Climate change and the global dairy cattle sector: The role of the diary sector in a low-carbon future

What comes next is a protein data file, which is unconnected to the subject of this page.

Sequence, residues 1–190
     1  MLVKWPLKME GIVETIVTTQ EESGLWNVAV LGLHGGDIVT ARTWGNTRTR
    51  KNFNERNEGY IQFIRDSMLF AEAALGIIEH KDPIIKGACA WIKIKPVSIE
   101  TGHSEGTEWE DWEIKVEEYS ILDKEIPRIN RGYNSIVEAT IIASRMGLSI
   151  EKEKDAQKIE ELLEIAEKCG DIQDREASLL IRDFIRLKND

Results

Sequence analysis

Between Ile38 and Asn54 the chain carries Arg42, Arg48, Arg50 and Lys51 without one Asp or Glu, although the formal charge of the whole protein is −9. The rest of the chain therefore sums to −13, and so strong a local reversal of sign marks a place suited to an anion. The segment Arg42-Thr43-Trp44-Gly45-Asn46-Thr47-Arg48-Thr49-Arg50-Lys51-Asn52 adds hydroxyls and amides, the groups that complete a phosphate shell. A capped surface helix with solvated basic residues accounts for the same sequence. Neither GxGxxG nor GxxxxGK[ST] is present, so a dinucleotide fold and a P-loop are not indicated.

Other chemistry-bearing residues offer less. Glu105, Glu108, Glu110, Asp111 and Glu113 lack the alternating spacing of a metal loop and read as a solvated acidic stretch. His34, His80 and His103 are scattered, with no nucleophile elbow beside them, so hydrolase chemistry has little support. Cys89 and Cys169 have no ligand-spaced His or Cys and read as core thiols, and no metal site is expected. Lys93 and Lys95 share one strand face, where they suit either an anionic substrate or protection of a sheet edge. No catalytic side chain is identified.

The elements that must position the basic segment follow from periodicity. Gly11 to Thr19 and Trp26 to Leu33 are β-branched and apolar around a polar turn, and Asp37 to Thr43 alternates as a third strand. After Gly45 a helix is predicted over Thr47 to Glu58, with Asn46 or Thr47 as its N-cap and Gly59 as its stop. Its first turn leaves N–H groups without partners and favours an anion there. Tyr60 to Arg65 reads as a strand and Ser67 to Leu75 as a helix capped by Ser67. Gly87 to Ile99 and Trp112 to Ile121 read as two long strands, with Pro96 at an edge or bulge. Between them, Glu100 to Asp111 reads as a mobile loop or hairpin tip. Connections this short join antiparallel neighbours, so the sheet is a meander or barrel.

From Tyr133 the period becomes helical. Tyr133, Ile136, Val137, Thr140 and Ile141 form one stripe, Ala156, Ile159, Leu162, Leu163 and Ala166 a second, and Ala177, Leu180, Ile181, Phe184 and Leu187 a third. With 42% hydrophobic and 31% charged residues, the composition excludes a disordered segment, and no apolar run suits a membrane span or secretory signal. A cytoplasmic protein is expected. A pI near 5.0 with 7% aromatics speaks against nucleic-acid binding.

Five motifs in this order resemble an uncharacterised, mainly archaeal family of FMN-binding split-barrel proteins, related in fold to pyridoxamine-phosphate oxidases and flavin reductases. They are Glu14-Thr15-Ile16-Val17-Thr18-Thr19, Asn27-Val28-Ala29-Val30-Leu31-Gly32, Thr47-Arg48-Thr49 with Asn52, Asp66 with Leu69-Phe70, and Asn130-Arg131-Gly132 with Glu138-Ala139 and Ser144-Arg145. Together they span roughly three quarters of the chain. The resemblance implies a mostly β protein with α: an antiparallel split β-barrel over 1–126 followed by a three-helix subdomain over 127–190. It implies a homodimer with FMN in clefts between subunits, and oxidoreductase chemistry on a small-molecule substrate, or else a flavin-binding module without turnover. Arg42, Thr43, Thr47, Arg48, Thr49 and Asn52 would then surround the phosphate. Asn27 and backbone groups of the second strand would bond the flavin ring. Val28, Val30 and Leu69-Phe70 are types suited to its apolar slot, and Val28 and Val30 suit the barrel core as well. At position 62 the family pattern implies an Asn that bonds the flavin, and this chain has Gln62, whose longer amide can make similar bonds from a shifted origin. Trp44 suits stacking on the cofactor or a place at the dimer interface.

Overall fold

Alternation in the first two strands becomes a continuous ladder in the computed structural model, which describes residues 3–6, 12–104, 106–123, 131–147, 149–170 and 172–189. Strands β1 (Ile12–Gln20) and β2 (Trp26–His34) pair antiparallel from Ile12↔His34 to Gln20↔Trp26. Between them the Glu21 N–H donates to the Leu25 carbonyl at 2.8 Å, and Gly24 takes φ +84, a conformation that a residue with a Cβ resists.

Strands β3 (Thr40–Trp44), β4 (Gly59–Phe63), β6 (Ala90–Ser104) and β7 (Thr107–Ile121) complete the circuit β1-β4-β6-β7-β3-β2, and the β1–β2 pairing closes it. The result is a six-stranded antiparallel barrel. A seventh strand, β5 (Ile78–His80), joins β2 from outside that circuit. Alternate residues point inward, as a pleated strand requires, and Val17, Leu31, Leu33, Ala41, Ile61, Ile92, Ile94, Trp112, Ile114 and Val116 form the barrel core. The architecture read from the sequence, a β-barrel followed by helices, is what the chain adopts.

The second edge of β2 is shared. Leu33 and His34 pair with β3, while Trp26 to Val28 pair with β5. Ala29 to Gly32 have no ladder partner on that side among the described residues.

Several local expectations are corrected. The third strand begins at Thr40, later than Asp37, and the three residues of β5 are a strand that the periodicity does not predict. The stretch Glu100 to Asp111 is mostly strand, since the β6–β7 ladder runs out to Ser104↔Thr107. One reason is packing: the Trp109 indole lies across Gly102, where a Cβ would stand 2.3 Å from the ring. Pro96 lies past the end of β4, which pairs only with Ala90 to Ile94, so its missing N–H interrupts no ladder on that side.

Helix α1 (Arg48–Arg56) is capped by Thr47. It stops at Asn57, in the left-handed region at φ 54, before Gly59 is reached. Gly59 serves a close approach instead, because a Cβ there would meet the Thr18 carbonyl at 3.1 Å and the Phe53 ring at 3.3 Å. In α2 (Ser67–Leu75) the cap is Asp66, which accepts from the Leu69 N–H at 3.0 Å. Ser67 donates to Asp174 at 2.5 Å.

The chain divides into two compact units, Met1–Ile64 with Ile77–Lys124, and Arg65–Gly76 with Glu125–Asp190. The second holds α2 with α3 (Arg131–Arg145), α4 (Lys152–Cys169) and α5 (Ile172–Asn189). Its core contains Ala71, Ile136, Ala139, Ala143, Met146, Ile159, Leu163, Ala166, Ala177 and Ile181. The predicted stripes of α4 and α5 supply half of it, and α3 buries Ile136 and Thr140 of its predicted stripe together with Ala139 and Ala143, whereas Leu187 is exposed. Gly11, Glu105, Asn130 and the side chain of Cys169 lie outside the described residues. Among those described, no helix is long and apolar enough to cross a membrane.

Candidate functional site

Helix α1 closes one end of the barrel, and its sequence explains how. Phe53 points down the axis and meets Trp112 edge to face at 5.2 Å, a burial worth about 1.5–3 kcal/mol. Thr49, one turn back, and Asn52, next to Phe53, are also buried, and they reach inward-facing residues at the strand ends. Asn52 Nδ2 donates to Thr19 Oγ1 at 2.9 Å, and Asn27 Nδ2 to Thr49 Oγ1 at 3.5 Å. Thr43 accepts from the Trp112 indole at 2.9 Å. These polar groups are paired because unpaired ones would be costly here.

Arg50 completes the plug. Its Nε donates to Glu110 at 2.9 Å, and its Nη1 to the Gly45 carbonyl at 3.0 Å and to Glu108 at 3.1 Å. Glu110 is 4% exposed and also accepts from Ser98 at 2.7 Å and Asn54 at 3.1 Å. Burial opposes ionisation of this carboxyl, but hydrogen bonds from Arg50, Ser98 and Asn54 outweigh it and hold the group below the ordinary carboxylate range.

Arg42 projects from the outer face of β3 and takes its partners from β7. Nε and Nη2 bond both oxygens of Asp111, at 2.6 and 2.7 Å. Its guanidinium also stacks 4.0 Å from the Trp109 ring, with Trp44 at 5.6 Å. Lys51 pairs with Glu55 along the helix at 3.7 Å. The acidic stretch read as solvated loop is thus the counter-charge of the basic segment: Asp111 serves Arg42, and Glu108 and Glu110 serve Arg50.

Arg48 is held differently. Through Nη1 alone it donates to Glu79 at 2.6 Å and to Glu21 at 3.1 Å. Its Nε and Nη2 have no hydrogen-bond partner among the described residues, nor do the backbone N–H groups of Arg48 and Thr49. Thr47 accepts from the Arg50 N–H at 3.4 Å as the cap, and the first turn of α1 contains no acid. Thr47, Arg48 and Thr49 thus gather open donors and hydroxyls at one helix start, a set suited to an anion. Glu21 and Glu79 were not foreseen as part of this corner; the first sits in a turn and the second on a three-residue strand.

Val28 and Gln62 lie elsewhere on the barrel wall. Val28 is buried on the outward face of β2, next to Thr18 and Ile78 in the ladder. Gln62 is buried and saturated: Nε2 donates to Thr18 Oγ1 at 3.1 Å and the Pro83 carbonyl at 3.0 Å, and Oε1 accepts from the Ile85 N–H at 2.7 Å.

This report (PDF) by the FAO is an attempt to understand the contribution of the dairy sector to global emissions between 2005 and 2015 as a further step towards addressing the challenge of climate change and defining a low-carbon pathway for the sector. The challenge for the dairy sector is how to reduce environmental impacts while continuing to meet society’s needs. With demand for high-quality animal sourced protein increasing globally, the dairy sector contributes to global food security and poverty reduction. It is essential that sector growth is sustainable in terms of the environment, public and animal health and welfare, development, poverty alleviation and social progress. To limit temperature rise, the dairy sector must reduce greenhouse gas (GHG) emissions, for which there are many opportunities within the sector already. This study shows that the sector’s GHG emissions have increased by 18 percent between 2005 and 2015 because overall milk production has grown substantially by 30 percent. While total emissions have increased, dairy farming has become more efficient resulting in declining emission intensities per unit of product. There is an urgent need to accelerate and intensify the sector’s response to avoid climate tipping points. Many mitigation options are already available and their adoption can be accelerated. The dairy industry will need to also consider how these residual emissions will be offset, since some residual emissions will remain. Achieving substantial net reductions in GHG emissions from the dairy sector requires action in three areas; 1) improving efficiencies; 2) capturing and sequestering carbon; and 3) better linking dairy production to the circular bio-economy. This results in the reduction of emission intensity and absolute emissions from dairy production. Research, policies, regulations, infrastructure, and incentives will all be required to systematically support low-carbon choices. Investment in data gathering and further in-depth analysis will help identify and refine mitigation options.